What is a stomach or duodenal ulcer?

About one in 10 Americans develops at least one ulcer during his or her lifetime.

An ulcer is an open sore, or lesion, usually found on the skin or mucous membrane areas of the body.

  • An ulcer in the lining of the stomach or duodenum is referred to as a peptic ulcer.

  • When the ulcer is in the stomach, it is called a gastric ulcer.

  • When the ulcer is in the duodenum, it is called a duodenal ulcer.

What causes gastric and duodenal ulcers?

In the past, it was believed lifestyle factors such as stress and diet caused ulcers. Later, researchers determined that stomach acids-- hydrochloric acid and pepsin--contributed to ulcer formation.

Today, research shows that most ulcers (80 percent of gastric ulcers and 90 percent of duodenal ulcers) develop as a result of infection with a bacterium called Helicobacter pylori (H. pylori).

It is believed that, although all three of these factors--lifestyle, acid and pepsin, and H. pylori--play a role in ulcer development, H. pylori is considered to be the primary cause, in most cases.

Factors in the development of peptic ulcers

Factors suspected of playing a role in the development of stomach or duodenal ulcers include:

  • Helicobacter pylori

    Research shows that most ulcers develop as a result of infection from the bacterium Helicobacter pylori (H. pylori). The bacterium produces substances that weaken the stomach's protective mucus and make it more susceptible to the damaging effects of acid and pepsin.

  • Smoking

    Studies show smoking increases the chances of developing an ulcer, slows the healing process of existing ulcers, and contributes to ulcers recurring.

  • Caffeine

    Caffeine seems to stimulate acid secretion in the stomach, which can aggravate the pain of an existing ulcer. However, the stimulation of stomach acid cannot be attributed solely to caffeine.

  • Alcohol

    Although no proven link has been found between alcohol consumption and peptic ulcers, ulcers are more common in people who have cirrhosis of the liver, a disease often linked to heavy alcohol consumption.

  • Stress

    Emotional stress is no longer thought to be a cause of ulcers, however, people with ulcers often report that emotional stress increases ulcer pain.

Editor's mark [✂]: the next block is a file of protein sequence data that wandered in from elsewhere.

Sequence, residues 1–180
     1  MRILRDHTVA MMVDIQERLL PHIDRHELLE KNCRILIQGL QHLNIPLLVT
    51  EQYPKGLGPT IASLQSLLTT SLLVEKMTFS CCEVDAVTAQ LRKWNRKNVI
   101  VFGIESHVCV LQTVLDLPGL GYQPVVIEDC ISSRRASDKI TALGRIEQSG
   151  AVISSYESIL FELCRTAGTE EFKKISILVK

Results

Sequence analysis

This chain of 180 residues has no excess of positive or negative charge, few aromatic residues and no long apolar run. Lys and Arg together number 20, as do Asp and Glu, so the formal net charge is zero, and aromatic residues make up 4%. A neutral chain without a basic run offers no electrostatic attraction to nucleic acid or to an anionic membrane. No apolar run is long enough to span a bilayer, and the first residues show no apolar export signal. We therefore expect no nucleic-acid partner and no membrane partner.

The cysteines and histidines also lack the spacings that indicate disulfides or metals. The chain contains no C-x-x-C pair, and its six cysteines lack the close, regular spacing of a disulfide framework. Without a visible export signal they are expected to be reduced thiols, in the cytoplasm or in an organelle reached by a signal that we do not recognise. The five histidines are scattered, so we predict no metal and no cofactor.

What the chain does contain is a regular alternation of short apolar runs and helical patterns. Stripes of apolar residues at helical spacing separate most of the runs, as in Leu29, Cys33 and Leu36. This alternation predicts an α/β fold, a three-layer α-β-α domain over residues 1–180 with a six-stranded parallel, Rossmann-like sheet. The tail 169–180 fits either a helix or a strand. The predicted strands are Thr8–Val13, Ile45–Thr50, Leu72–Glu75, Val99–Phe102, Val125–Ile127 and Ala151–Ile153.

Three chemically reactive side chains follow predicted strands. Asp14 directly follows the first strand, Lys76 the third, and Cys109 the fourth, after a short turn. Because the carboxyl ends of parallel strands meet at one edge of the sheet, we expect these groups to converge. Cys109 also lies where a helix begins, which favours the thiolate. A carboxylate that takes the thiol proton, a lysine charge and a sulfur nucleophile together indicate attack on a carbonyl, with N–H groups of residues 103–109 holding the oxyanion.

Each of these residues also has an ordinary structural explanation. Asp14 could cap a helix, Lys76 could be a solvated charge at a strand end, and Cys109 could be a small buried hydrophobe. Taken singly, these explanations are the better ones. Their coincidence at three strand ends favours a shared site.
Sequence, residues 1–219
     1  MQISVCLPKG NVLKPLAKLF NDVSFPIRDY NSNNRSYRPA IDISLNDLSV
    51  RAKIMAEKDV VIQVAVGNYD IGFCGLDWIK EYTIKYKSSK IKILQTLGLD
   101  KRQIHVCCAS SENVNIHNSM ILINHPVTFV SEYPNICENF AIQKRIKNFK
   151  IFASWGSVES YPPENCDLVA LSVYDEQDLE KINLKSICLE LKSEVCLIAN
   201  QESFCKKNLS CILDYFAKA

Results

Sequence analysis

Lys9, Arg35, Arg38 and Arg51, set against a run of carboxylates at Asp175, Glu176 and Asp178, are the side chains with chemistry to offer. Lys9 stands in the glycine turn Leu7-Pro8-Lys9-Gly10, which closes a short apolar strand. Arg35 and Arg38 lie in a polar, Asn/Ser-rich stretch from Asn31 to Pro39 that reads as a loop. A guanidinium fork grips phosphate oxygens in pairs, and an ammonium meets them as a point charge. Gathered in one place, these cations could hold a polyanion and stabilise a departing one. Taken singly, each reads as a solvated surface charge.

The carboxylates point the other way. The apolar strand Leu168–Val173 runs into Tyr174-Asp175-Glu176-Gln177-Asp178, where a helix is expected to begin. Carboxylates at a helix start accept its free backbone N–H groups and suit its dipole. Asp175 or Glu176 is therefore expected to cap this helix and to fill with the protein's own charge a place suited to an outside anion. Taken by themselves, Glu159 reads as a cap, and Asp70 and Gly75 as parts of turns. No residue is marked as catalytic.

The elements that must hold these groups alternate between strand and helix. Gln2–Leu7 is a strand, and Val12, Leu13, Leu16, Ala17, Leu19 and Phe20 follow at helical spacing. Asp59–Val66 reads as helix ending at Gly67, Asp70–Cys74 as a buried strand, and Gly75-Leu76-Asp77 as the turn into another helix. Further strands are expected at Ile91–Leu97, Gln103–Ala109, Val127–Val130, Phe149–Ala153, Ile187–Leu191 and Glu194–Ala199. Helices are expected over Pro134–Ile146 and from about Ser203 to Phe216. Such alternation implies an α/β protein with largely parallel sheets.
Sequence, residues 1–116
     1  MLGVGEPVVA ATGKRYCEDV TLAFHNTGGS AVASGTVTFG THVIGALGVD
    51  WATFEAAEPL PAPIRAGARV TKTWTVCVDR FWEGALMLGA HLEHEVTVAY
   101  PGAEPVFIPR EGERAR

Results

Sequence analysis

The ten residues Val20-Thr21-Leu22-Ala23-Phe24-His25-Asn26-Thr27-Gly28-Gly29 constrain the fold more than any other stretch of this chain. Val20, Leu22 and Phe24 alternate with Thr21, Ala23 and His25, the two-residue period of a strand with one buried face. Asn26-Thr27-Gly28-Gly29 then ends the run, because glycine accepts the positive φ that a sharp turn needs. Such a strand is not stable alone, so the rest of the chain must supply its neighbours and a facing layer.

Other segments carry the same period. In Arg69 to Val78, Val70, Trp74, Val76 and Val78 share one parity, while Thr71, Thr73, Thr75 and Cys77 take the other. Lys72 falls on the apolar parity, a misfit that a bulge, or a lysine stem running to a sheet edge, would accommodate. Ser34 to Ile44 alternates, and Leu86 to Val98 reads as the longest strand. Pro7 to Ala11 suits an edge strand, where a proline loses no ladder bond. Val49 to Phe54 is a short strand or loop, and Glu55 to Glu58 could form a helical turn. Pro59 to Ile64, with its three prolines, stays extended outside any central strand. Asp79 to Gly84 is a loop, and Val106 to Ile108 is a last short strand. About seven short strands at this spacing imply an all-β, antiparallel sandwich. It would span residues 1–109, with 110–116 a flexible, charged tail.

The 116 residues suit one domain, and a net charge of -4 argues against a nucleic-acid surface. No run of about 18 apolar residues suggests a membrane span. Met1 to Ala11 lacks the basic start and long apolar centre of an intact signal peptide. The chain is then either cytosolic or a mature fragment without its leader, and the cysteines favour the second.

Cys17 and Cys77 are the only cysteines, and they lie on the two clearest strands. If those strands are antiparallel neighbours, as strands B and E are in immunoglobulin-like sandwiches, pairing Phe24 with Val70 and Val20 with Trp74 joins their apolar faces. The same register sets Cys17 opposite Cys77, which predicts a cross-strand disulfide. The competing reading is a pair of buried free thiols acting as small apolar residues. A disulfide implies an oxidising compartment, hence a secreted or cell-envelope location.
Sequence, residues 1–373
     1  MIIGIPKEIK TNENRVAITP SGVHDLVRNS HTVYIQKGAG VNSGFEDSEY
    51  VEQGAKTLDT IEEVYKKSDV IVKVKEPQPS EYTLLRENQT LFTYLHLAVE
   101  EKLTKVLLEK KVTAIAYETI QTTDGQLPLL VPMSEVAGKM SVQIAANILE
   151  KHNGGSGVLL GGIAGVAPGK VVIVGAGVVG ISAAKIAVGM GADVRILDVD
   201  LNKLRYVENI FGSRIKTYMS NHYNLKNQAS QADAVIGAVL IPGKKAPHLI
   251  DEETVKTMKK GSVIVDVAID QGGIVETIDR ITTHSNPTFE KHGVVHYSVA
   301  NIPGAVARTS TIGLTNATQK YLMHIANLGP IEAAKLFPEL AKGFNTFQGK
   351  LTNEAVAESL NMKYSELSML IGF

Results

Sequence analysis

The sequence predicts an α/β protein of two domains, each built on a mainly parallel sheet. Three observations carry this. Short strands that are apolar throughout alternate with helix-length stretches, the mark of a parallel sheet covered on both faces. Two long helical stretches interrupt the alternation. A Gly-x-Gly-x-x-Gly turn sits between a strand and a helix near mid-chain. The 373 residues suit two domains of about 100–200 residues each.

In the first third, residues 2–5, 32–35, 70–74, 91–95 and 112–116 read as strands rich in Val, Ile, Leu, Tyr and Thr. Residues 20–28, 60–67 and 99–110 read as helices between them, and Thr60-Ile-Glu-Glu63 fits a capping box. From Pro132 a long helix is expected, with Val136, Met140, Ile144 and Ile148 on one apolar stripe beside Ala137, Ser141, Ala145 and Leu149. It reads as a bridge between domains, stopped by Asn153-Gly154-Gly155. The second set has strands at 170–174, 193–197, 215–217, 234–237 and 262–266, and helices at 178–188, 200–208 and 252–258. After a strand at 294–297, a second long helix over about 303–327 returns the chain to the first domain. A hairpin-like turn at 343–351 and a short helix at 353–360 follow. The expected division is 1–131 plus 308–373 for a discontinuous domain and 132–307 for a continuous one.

• Physical stress

    Physical stress may increase the risk of developing ulcers, particularly in the stomach. For example, people with injuries, such as severe burns, and people undergoing major surgery often require treatment to prevent ulcers and ulcer-related complications, such as bleeding.

  • Acid and pepsin

    It is believed the stomach's inability to defend itself against the powerful digestive fluids, hydrochloric acid and pepsin, contributes to ulcer formation.

  • Nonsteroidal anti-inflammatory drugs (NSAIDs)

    These drugs (such as aspirin, ibuprofen, and naproxen sodium) make the stomach vulnerable to the harmful effects of acid and pepsin. They are present in many nonprescription medications used to treat fever, headaches, and minor aches and pains.

What are the symptoms of gastric and duodenal ulcers?

The following are the most common symptoms of ulcers. However, each individual may experience symptoms differently.

Although ulcers do not always cause symptoms, the most common ulcer symptom is a gnawing or burning pain in the abdomen between the breastbone and the navel. The pain often occurs between meals and in the early hours of the morning. It may last from a few minutes to a few hours. Less common ulcer symptoms may include:

The symptoms of stomach and duodenal ulcers may resemble other medical conditions or problems. Always consult your doctor for a diagnosis.

What are some complications from ulcers?

People with ulcers may experience serious complications if they do not seek appropriate treatment. The most common problems include the following:

  • Bleeding

    As an ulcer eats into the muscles of the stomach or duodenal wall, blood vessels may become damaged, causing bleeding.

  • Perforation

    Sometimes, an ulcer eats a hole in the wall of the stomach or duodenum, and bacteria and partially digested food can spill through the opening into the sterile abdominal cavity (known as the peritoneum) and cause peritonitis, severe inflammation of the abdominal cavity and wall.

  • Narrowing and obstruction

    Ulcers located at the end of the stomach, where the duodenum is attached, can cause swelling and scarring, which can narrow or close the intestinal opening. This obstruction can prevent food from leaving the stomach and entering the small intestine, resulting in vomiting the contents of the stomach.


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